While it is not possible to control all of the factors that contribute to the development of breast cancer such as age, genetics, and being female, it is possible to make choices that will put you at a much lower risk of developing the disease down the road.
Diet and Exercise
We have all heard it a million times before, but eating a healthy diet and exercising regularly are two of the best things you can do for not only your overall health, but your breast health as well.
Fruits, vegetables, and whole grains should be the most important components of your diet, with an emphasis on keeping your diet low-fat as much as possible. In fact, research has shown that diets low in fat with limited red meat consumption may very well lower your risk of ever developing breast cancer.
Set a goal to consume no more than one alcoholic beverage per day, as alcohol leads to the creation of additional estrogen in the body, which is directly linked to increased breast cancer risk.
You should also strive to stay active throughout your life. Experts recommend 30 to 60 minutes of aerobic activity five days per week to help lower your risk of developing breast cancer. For many of us, trying to incorporate exercise into our already hectic schedules five days a week is a pretty tall order, so the key is in adopting a healthier attitude overall.
For example, if we start to look at exercise as an integral part of our ability to maintain optimal health, it will gradually become a natural part of our daily routine rather than being something that we grudgingly try to squeeze in to our schedules.
During our younger years when we have a menstrual cycle, we have what are referred to as high-estrogen years. The longer we have high amounts of estrogen in our bodies, the greater risk we have of developing breast cancer. This, of course, includes taking hormones after we reach menopause, so it is best to avoid taking these supplements if at all possible.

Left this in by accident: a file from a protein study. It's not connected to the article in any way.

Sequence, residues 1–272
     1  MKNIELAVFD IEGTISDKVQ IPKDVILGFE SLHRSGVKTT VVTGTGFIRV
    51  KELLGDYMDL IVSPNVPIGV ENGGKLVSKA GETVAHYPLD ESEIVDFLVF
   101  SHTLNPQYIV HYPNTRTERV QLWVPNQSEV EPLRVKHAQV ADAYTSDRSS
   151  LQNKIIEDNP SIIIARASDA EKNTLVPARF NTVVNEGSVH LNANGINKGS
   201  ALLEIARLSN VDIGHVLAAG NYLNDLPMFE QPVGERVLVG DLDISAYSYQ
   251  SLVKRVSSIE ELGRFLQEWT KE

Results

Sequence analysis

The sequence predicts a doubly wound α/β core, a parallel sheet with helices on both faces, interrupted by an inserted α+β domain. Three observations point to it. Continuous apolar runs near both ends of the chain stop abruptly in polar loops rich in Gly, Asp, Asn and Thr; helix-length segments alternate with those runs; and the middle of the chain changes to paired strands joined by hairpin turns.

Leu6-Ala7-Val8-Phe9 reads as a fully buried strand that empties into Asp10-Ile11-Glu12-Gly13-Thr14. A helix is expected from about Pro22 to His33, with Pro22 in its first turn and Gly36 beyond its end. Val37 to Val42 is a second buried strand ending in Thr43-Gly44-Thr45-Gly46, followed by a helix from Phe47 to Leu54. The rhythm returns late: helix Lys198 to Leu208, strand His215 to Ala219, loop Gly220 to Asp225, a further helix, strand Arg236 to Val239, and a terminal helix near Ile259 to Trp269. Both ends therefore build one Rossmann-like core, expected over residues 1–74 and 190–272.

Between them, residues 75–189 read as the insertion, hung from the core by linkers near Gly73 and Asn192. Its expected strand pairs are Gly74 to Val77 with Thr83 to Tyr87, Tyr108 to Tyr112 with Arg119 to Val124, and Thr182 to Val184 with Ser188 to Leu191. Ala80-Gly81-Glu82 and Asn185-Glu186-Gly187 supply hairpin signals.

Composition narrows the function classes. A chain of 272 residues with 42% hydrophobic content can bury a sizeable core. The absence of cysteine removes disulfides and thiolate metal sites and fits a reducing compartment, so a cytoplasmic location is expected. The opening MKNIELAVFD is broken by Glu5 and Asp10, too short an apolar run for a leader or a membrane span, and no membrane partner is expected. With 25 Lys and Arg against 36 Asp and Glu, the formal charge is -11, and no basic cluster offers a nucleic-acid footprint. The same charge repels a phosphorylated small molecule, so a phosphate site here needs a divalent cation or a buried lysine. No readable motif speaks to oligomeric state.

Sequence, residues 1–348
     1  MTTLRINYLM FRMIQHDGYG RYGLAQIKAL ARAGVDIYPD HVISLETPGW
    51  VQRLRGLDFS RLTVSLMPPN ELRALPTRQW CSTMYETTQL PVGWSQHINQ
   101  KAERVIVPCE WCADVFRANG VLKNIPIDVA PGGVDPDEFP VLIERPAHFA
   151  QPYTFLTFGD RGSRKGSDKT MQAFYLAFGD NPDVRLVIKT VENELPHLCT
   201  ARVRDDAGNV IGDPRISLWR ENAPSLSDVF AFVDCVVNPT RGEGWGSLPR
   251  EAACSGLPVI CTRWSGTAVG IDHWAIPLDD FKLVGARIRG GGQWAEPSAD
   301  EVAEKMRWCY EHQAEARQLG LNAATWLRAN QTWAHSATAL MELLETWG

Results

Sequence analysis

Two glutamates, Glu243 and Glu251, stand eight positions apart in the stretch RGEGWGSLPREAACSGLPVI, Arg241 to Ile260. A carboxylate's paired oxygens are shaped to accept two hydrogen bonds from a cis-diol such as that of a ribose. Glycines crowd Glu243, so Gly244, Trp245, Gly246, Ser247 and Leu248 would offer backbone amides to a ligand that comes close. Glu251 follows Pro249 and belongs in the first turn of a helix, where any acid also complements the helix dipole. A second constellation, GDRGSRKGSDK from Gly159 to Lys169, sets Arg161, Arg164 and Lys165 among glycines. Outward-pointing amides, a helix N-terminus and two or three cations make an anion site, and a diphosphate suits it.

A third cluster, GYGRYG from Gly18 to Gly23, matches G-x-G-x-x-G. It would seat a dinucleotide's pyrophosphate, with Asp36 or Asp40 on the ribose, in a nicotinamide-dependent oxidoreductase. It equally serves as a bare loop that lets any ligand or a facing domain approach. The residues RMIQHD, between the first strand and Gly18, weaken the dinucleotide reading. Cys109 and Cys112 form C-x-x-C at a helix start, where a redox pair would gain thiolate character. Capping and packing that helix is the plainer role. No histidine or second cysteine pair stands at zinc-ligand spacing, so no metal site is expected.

In addition, there are a few other hormonal factors that play a role in the possible development of breast cancer.
- Women who have a full-term pregnancy before the age of 30 have a lowered risk of developing breast cancer.
- Women who breast-feed for longer than 12 months, or who breast-feed several children, seem to have a slightly lowered risk of developing breast cancer.
- Keep your weight at a healthy, even level with few major fluctuations. Having extra fat cells causes us to make more estrogen; yet another motivation for incorporating regular exercise into our weekly routines!
For women who are at high risk of developing breast cancer, there are medications that can be prescribed to help prevent it. These drugs work by blocking the effects of hormones on breast cancer cells, and there are currently two of these drugs that have been approved by the FDA: tamoxifen and raloxifene.
If you are a high-risk candidate for developing breast cancer, talk to your doctor about the benefits and risks associated with these types of medications so that you can determine if one of them may be right for you.
By Jamell Andrews